Common problems in applying for U.S. citizenship | Inquirer

Common problems in applying for U.S. citizenship

When applying for naturalization, many applicants encounter problems during the interview process.  This is because authorities investigate how permanent residency (green card) was obtained and what actions the green card holder has committed since then.  Listed below are some of them:

  • Proving good-faith marriage. You will be surprised that you are applying for naturalization and yet the USCIS is considering you as a green card applicant, although your marriage happened ten years ago.  If you obtained your green card through marriage, no matter how many years have passed, questions will always be asked whether your marriage is bona fide and what joint documents support this marriage.
  • Proving family relationship if you were petitioned by your parents, siblings or as derivative of your parents. You should be able to show proof of your relationship through marriage certificate, birth certificate, divorce or death certificate, whichever documents applied to your case.
  • If you were involved in a crime, no matter how minor you think it is, authorities will always look for documentation of your conviction and if you have served your sentence.
  • There are crimes that will make you deportable when applying for naturalization. These include committing two crimes of moral turpitude or an aggravated felony.  Theft is a crime involving moral turpitude.  There are waivers available, and you should talk to an immigration lawyer.
  • Green card holders who obtained their green card through misrepresentation may also be sent to removal proceedings. These include those who committed marriage fraud or declared themselves as single but are actually married.  If you have this kind of problem you need to talk to an immigration attorney to find if you qualify for a waiver of fraud or misrepresentation.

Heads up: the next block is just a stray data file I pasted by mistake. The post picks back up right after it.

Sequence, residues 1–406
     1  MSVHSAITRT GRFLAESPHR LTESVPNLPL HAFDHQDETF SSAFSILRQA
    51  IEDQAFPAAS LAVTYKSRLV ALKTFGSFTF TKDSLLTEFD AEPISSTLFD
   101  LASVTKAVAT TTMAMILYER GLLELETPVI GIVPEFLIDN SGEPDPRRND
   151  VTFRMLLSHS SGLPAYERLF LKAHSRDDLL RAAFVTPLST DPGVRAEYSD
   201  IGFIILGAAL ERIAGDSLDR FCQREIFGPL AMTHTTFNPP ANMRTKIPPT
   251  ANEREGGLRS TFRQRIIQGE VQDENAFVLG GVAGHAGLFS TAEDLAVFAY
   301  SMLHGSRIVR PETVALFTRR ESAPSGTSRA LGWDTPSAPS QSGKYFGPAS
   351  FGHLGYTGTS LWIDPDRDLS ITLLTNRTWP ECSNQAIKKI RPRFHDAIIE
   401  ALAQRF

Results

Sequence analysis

• Failure to file and pay your income tax may also disqualify you from naturalization. If you have a payment plan agreement with the IRS and you keep paying the monthly payments, you may be able to get approved.  Again, you need to consult an immigration lawyer about your situation.
  • Failure to pay child support. You may be denied if you fail to pay child support.
  • If you stayed outside the U.S. for more than 180 days in a single year, you may be denied naturalization.
  • If you lack the required period of residency, you may also be denied.

To avoid problems when applying for naturalization, you should consult an immigration attorney.

(Note: This is not a legal advice) Chris Caday Lozano, Esq. is an active member of the State Bar of California, the American Immigration Lawyers Association and San Francisco Trial Lawyers.  He practices immigration law, bankruptcy and income tax preparation since June 1999.  His contact phone is 1-877-456-9266, email: [email protected]  Website:

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TAGS: US citizenship, US naturalization
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